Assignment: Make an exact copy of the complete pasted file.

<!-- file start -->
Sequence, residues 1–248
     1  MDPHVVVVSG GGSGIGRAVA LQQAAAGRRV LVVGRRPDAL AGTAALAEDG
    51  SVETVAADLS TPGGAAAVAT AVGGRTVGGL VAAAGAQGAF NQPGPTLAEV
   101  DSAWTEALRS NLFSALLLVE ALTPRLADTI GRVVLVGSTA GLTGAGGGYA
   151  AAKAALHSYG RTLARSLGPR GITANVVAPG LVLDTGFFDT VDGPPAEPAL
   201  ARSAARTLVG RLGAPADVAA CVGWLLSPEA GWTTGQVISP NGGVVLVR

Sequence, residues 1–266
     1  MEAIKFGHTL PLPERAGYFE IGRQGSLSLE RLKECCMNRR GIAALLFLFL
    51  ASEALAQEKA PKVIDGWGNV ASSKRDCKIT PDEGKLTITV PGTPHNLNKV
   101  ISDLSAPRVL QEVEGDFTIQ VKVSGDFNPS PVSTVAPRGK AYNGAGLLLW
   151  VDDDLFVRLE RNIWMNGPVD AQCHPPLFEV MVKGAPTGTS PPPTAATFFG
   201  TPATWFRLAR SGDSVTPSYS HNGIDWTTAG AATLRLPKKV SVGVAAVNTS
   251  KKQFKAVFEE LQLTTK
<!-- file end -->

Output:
Sequence, residues 1–248
     1  MDPHVVVVSG GGSGIGRAVA LQQAAAGRRV LVVGRRPDAL AGTAALAEDG
    51  SVETVAADLS TPGGAAAVAT AVGGRTVGGL VAAAGAQGAF NQPGPTLAEV
   101  DSAWTEALRS NLFSALLLVE ALTPRLADTI GRVVLVGSTA GLTGAGGGYA
   151  AAKAALHSYG RTLARSLGPR GITANVVAPG LVLDTGFFDT VDGPPAEPAL
   201  ARSAARTLVG RLGAPADVAA CVGWLLSPEA GWTTGQVISP NGGVVLVR

Sequence, residues 1–266
     1  MEAIKFGHTL PLPERAGYFE IGRQGSLSLE RLKECCMNRR GIAALLFLFL
    51  ASEALAQEKA PKVIDGWGNV ASSKRDCKIT PDEGKLTITV PGTPHNLNKV
   101  ISDLSAPRVL QEVEGDFTIQ VKVSGDFNPS PVSTVAPRGK AYNGAGLLLW
   151  VDDDLFVRLE RNIWMNGPVD AQCHPPLFEV MVKGAPTGTS PPPTAATFFG
   201  TPATWFRLAR SGDSVTPSYS HNGIDWTTAG AATLRLPKKV SVGVAAVNTS
   251  KKQFKAVFEE LQLTTK